It’s important to note that our sex hormones (testosterone, estrogen, and progesterone) are the first hormones to be affected in the body due to this tiered system. As a coping mechanism, our body begins to shut off testosterone production in men (and estrogen and progesterone in women) as a coping mechanism for handling the amount of stress already placed on the body. When our health is in trouble, turning off sex hormones is our body’s way to limiting fertility and reproduction, since this addition may actually be too much to handle and cause global failure.
While this doesn’t mean you’re destined for total hormone failure, we need to address every level of the cascade to provide complete support. For blood sugar regulation, focusing on quality carbohydrates in the diet is key, in addition to pairing healthy fats with carbohydrates to support managed blood sugar spikes and avoiding blood sugar crashes. This will also support the adrenals by avoiding this stress being put on the body (more in next section). Many of the nutrients required by the body for testosterone production are also needed for adrenal and thyroid hormones as well.
Outside of your food choices, stress is one of the leading causes of low testosterone in men due to its global effects on the body. Whether it’s external stress (overtraining, difficult relationships, job loss, isolation, work) or internal stress (under-eating, poor gut health, injury, illness, blood sugar dysregulation) the body perceives all stress the same.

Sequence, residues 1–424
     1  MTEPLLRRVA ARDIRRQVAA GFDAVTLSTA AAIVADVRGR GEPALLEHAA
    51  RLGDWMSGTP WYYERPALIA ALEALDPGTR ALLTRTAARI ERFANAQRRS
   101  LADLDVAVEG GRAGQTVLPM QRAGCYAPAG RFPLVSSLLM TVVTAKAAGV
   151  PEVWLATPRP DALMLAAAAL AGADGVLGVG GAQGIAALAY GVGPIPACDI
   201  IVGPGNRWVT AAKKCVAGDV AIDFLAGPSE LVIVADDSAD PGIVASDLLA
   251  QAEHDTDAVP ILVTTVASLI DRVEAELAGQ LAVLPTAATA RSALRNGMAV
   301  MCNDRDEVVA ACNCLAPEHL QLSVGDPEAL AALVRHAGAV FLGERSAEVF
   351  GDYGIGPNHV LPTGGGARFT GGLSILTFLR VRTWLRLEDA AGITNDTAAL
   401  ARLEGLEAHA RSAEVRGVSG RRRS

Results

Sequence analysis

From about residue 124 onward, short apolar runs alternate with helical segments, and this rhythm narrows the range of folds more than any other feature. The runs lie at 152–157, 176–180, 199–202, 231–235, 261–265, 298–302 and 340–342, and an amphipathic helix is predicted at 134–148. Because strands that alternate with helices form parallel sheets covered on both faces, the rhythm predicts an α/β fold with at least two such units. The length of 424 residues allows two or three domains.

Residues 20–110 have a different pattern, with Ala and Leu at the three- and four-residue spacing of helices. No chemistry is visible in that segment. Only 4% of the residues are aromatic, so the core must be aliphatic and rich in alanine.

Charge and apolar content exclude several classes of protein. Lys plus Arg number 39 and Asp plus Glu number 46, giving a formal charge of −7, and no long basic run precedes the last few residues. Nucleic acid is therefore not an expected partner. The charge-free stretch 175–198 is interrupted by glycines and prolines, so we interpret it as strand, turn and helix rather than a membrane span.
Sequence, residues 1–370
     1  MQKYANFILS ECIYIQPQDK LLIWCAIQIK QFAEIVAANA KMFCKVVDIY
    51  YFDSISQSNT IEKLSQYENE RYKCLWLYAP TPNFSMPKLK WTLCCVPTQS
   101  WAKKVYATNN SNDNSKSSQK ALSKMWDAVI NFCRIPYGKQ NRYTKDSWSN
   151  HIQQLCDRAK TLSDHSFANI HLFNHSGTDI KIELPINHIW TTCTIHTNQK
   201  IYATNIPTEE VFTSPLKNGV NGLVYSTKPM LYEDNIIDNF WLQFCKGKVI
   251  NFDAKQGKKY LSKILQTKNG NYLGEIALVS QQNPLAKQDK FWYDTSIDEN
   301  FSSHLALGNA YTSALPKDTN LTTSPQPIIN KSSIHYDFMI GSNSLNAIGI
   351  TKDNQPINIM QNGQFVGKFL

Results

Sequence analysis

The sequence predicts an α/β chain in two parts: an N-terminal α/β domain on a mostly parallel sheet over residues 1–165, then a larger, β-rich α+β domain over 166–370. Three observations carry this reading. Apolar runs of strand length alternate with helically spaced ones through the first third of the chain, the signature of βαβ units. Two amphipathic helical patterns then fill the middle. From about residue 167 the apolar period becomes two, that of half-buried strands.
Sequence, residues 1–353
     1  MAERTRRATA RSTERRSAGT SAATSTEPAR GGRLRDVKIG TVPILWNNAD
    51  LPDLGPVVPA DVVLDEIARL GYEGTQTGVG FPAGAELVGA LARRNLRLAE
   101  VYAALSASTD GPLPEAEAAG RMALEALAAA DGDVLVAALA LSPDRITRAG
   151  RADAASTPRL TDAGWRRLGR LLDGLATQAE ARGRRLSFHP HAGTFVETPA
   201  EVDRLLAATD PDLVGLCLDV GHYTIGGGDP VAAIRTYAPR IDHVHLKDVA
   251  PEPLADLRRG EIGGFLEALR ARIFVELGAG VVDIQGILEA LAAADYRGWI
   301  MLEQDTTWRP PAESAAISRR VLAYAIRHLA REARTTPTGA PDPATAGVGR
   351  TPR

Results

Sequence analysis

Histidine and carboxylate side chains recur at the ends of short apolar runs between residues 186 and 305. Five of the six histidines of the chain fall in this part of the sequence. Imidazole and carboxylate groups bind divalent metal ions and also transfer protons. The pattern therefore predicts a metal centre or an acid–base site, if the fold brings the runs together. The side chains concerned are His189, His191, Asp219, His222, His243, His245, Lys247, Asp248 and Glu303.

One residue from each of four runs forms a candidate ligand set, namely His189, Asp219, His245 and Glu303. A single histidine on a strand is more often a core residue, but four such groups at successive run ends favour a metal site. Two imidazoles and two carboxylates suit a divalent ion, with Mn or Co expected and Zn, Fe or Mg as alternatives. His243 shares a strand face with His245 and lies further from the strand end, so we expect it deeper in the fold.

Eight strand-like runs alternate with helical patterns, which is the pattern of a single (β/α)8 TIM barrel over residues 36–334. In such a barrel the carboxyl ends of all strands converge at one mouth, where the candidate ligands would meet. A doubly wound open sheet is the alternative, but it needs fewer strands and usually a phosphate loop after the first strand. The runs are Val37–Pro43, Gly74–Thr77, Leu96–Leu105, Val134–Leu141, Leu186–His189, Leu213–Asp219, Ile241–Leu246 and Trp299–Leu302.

When stress is present, our body releases stress hormones, such as cortisol and adrenaline to maintain homeostasis. This is ultimately a good mechanism for ensuring our safety, but when this happens regularly, it plays a role in triggering the domino effect of the hormone cascade into a downward spiral.
Consider implementing stress relief and management techniques to include things outside of physical exercise, such as: